Further ahead, two vehicles had halted, the passengers had their binoculars and camera lenses fixed on an area of prairie about fifty metres away.  Beatus drove up behind the other vehicles and switched off the engine.  I leaned forwards, trying to pick out what was perfectly camouflaged in the tall straw yellow grass.  A cheetah popped its head up.  I was thrilled.  This was my favourite of all the big cats, its body and physique developed though evolution into the world’s fastest land animal. The small head with its beautiful teardrop black markings looked back towards me.  I had not come on safari with a tick list of expectations, I was happy to experience and photograph whatever animals were there, but seeing cheetah was wonderful.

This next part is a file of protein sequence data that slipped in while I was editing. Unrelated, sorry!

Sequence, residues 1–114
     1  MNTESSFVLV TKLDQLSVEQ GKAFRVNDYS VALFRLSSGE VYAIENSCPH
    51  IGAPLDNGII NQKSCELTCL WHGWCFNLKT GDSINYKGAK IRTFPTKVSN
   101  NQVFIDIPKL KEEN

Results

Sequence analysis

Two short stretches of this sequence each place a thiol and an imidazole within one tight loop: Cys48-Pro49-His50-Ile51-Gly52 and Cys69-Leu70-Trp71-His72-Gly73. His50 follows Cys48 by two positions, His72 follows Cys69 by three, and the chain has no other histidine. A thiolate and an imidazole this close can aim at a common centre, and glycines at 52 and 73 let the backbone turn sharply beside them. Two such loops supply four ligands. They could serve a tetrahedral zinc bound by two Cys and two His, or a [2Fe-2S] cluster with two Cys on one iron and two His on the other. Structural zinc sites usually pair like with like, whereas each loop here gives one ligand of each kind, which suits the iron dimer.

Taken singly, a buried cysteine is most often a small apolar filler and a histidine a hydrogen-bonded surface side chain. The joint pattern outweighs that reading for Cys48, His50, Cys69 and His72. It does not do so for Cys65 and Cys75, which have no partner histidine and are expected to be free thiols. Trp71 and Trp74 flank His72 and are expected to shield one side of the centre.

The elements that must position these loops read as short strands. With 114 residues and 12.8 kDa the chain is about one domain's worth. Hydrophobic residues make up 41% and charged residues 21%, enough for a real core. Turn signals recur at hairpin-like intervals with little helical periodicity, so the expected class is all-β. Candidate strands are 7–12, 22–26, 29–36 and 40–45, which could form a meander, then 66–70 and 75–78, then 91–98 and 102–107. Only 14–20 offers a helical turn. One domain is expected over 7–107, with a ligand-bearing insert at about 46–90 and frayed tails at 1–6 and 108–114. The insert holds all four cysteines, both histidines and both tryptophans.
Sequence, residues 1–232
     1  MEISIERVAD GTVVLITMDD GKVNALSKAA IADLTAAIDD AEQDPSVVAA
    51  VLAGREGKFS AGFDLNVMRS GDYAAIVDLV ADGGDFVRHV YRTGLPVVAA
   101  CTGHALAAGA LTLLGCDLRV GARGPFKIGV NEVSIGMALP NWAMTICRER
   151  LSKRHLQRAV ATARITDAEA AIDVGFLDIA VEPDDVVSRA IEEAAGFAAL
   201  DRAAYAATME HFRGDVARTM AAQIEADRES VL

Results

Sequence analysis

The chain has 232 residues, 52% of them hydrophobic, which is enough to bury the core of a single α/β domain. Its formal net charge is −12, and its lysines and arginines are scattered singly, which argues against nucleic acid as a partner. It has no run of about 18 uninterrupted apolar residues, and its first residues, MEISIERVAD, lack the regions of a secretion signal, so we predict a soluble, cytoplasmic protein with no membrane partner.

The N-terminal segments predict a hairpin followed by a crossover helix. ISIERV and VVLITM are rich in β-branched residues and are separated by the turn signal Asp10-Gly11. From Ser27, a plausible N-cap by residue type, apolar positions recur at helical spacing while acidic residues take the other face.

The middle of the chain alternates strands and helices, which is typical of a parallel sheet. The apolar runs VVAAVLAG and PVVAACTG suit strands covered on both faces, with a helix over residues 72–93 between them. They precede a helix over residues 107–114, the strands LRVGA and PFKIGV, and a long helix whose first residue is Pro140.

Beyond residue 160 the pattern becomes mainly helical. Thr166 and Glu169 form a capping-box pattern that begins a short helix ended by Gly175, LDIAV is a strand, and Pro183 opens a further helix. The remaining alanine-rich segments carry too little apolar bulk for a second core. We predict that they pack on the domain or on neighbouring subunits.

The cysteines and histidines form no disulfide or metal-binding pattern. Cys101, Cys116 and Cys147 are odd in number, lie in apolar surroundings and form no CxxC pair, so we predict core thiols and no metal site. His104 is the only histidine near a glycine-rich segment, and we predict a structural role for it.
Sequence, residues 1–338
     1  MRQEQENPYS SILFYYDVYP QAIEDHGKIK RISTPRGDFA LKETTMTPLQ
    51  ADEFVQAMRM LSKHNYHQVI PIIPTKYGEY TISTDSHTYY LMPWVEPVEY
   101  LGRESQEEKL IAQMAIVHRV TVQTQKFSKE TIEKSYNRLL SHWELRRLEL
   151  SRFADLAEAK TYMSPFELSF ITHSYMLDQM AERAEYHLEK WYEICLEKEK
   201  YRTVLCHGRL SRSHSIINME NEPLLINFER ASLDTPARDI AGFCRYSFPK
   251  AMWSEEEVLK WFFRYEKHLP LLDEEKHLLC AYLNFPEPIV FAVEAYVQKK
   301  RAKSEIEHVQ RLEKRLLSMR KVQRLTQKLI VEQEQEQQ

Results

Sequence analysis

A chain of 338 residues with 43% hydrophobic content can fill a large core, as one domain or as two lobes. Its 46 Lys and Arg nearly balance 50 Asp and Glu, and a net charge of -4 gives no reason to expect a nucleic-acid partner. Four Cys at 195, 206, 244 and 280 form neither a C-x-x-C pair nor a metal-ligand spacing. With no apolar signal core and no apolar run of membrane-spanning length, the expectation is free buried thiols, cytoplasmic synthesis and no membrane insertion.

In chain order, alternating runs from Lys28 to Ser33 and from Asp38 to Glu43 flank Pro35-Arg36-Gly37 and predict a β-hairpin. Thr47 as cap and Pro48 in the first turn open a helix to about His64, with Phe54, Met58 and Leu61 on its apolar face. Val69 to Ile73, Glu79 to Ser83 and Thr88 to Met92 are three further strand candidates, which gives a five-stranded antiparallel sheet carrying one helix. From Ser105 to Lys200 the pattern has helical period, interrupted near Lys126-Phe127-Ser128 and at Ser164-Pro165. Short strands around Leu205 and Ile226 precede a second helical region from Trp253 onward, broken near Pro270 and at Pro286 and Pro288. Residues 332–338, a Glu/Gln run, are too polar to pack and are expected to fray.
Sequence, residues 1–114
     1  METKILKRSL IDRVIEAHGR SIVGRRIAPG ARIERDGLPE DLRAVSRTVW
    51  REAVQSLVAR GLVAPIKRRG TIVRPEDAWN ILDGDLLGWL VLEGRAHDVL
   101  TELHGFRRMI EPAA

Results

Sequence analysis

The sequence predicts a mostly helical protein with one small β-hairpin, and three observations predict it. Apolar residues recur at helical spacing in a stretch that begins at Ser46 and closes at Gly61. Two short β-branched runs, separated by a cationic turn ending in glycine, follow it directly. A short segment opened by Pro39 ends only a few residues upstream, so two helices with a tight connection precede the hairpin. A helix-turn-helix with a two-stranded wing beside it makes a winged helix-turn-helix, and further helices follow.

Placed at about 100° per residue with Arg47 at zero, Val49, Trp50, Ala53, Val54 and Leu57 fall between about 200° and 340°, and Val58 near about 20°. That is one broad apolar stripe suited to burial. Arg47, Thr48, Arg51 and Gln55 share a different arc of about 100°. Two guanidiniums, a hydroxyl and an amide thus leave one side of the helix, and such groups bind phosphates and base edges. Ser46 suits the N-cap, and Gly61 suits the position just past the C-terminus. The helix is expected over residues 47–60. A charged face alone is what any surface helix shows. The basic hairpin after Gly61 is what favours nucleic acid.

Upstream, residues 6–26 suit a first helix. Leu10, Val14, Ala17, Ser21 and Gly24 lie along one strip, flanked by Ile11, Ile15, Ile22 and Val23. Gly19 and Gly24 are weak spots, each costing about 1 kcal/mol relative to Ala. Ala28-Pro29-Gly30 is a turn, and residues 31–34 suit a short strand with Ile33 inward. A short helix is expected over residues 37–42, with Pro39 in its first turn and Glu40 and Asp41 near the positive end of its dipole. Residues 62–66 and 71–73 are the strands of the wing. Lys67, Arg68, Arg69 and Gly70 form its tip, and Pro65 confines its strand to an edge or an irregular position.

From that moment my day just got better and better.  Another cheetah raised up on its front legs and then two more appeared.  Judging from their relative sizes, in all likelihood here was a mother with three offspring on the verge of becoming independent.  If this was correct, the mother had done well to raise them all to adulthood.  The littermates are abandoned sometime after they reach fifteen months old, but may stay together to form a coalition in order to gain an advantage when stalking prey and also when making a claim to territory and defending it against other males.  The mother then reverts to a solitary existence until she briefly meets another suitor to mate with.  Any young females drop out of the coalition before they are two years old, presumably at the onset of oestrus.  With sleek elegance, the four cats walked off across the flat plain and into the heat haze.  Now I could see their toned shoulder muscles, low slunk back spotted on top, white belly and long stripy rudder tail.  One of them made a casual show of stalking a zebra, but it was too far away and far bigger than a cheetah’s normal prey.  The zebra bolted off in a cloud of dust before anything more came of the display.